In 2001, under pressure from police and politicians, then-Dallas County District Attorney Bill Hill launched a highly publicized crackdown on illegal eight-liner parlors that had sprung up like ragweed in dingy storefronts in Dallas and suburbs. Toby Shook, a defense attorney and former prosecutor, remembers Hill assembling reporters at a freshly raided Garland gaming room and putting on a show by personally demolishing one of the machines.
That year, Hill’s office charged 91 defendants with either gambling promotion or keeping a gambling place, class A misdemeanors that carry as much as a year in jail. The next year there were 74 prosecutions, slightly fewer but still an order of magnitude more than in 1999 or 2000, when there were one and three, respectively. Even more abundant were the seized eight-liners accumulated by the truckload. “They used to wheel those things in,” Shook recalls. They were stored on the seldom-used eighth floor of the criminal courthouse awaiting destruction.
The eight-liners, Hill and supporters argued, were a scourge. Gambling parlors like the one he peacocked in front of in Garland, often with as many with 40 or 50 machines, had proliferated in Texas since the Legislature in 1995 carved out a “fuzzy animal” loophole to previously straightforward gambling laws. Before, it was illegal in Texas to reward the player of a game of chance with anything of value; after, it became OK to give out prizes of $5 or less. This had the intended impact of legalizing operations like Chuck E. Cheese’s, but it also encouraged enterprising parlor operators to cover themselves with a fig leaf of legality by giving out $5 Walmart gift cards and encouraged slightly more brazen operators to pretend they were handing out prizes when actually they were giving out cash. These places, teeming with cash, tended to be magnets for crime, and the clientele tended to be poor — far too poor to comfortably weather the loss of a few hundred dollars.
But after 2007 especially, the number of eight-liner cases in Dallas dropped precipitously, quickly bottoming out at about a dozen cases each year:
Hill's crackdown might have contributed to some of the drop by convincing would-be operators that operating a game room was too great a risk, but that's too steep a drop to be explained away so easily. Besides, the value of Hill's approach as a deterrent is questionable. A very small handful of the nearly 600 defendants charged with gambling promotion or keeping a gambling place were actually convicted of those crimes over the past 15 years. Typically, defendants in eight-liner cases agree to cede ownership of seized gambling machines in exchange for a lesser charge of gambling, a class C misdemeanor, which carries all the legal heft of a traffic ticket. And the economics of the business suggests that seizing a few eight-liners every now and then will have little impact on the viability of a game room. Each machine costs in the ballpark of $2,000, an investment that can be recouped in a couple of days in a busy game room.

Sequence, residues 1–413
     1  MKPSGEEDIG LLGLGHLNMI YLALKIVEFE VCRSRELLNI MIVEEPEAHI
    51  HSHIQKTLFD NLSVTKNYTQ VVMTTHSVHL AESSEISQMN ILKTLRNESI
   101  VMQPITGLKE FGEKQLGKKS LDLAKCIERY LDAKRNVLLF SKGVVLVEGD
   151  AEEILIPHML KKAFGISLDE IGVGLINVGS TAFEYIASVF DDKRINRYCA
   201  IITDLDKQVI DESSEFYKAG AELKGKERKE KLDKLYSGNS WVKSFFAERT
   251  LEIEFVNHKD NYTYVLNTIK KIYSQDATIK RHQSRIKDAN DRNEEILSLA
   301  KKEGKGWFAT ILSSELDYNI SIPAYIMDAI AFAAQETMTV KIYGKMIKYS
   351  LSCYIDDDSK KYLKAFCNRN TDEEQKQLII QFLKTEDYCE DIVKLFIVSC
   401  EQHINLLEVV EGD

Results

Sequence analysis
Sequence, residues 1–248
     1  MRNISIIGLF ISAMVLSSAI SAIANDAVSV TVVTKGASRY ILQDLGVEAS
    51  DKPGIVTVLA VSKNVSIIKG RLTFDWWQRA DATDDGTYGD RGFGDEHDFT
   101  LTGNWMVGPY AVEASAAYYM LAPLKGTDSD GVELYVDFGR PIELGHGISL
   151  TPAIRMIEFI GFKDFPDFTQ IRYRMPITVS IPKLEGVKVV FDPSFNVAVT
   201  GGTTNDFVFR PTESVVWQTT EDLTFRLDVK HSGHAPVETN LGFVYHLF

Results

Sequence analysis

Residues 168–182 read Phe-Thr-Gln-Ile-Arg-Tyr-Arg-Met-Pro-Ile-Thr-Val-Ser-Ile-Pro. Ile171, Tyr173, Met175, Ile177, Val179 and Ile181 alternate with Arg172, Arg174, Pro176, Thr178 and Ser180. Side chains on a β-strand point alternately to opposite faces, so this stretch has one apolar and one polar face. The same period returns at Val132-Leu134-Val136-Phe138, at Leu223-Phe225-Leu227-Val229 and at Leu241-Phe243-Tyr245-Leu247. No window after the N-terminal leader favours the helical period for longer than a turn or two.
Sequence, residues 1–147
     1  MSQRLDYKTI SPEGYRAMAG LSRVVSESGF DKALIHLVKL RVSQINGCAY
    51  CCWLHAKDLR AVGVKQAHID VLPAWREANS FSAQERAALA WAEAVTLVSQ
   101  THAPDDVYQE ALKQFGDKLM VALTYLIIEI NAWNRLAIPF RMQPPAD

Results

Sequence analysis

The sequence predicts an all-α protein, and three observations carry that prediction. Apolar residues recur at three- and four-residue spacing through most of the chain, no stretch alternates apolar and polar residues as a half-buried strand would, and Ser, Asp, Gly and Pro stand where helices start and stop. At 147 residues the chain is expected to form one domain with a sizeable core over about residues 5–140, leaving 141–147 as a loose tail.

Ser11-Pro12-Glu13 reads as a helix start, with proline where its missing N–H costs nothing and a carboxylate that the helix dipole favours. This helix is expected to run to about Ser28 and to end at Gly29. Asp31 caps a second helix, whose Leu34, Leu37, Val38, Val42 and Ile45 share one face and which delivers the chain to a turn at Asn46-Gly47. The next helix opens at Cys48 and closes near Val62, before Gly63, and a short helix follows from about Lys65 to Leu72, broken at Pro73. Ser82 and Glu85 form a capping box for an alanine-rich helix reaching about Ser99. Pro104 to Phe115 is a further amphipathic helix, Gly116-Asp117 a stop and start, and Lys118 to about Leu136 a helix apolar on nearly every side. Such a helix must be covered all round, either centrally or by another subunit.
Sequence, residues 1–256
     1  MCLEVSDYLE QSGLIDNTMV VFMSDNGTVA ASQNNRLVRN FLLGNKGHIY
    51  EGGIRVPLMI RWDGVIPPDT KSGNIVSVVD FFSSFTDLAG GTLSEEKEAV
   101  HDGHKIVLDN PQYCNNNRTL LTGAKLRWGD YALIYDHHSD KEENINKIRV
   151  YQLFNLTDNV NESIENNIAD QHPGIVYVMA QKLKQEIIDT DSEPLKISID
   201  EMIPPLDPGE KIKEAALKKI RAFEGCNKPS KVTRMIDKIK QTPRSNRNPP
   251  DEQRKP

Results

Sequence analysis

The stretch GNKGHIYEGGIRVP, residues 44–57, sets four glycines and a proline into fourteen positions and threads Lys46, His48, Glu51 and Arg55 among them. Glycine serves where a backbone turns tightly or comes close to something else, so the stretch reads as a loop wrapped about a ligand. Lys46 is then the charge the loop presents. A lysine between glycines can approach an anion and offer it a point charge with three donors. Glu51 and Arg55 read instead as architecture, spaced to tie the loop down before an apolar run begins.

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The steep downward line coincides roughly with Craig Watkins' election as district attorney. It also roughly tracks a surge in online gambling, which likely kept many would-be game room patrons at home. Defense attorney Pete Schulte, himself a former prosecutor, says the priorities of the DA's office shifted away from gambling enforcement. “The return you get prosecuting these really isn't worth the effort,” he says.
It’s a bit more nuanced than that, says Messina Madson, DA Susan Hawk’s top assistant. In an email, she says the decline in prosecutions has several causes, chief among them that there are just fewer game rooms. In addition, she says, the DA’s office no longer has the resources to devote to actively investigate misdemeanors. The office used to employ two or three investigators who focused on gambling halls, but they were eventually assigned to other duties and ultimately left the DA’s office. Other factors include the difficulty of destroying machines, which local landfills have stopped accepting, and shifting methods by police. Dallas PD, for example, pursues forfeiture on its own, processing its petitions through a city magistrate.
“This enables them to move the cases quickly and avoid storage costs and problems associated with the storage of the gambling machines,” Madson writes. “This method hits the gambling promoters economically and avoids a criminal case sitting on a county court docket for a year or more.”
That seems reasonable, if not an effective means of actually stopping illegal gambling. One gambling parlor on Ferguson Road was raided four times over the course of three years until earlier this year when a fifth raid resulted in charges of money laundering and engaging in organized criminal activity against its operator, Thuy “Tweety” Kha. Of course, gambling is one of those vices that, like prostitution, is baked into human DNA. Trying to eliminate it completely is bound to result in an endless and largely fruitless game of whack-a-mole.